Previously we showed you how to write a loop in R. Very often it’s a better idea to use the apply function in R than to write a loop.

So what is the apply function in R?

Well, apply is really a family of functions that have varying uses. Here are the available R apply functions: apply, lapply, sapply, vapply, mapply, rapply and tapply.

Apply is the head of the family. Apply operates on arrays: apply(X, MARGIN, FUN, …). This will return a vector or array or list of values obtained by applying a function to margins of an array.

**The Arguments are the following:**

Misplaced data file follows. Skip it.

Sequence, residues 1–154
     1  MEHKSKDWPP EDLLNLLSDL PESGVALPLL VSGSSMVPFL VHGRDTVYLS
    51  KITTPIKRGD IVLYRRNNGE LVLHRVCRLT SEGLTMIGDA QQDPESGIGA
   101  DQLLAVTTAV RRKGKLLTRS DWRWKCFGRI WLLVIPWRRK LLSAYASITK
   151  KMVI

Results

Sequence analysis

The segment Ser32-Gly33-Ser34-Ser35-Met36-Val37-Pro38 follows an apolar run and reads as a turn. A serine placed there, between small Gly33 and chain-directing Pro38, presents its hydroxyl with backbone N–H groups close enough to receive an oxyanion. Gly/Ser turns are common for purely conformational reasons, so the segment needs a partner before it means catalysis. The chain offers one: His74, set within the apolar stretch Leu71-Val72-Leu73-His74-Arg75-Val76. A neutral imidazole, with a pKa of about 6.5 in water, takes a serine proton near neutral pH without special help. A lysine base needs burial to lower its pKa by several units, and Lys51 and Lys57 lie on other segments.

X – the array to be used.

MARGIN – a vector giving the subscripts which the function will be applied over. 1 indicates rows, 2 indicates columns, c(1,2) indicates rows and columns.

FUN – the function to be applied: see Details. In the case of functions like +, %*%, etc., the function name must be backquoted or quoted.

… – optional arguments to FUN.

**Lets look at an example:**

```
>cars #built-in dataset Speed and Stopping Distances of Cars
```

I won’t type the entire print but here are a few rows:

```
speed dist
1 4 2
2 4 10
3 7 4
4 7 22
5 8 16
```

This goes to row 50.

What if we wanted to get the sum of speed?

```
>apply(cars,2,sum)
speed dist
770 2149
```

What if you wanted to get the mean?

```
> apply(cars,2,mean)
speed dist
15.40 42.98
```

These are basic examples of using the apply function in R. Next we will look at the other family members of apply.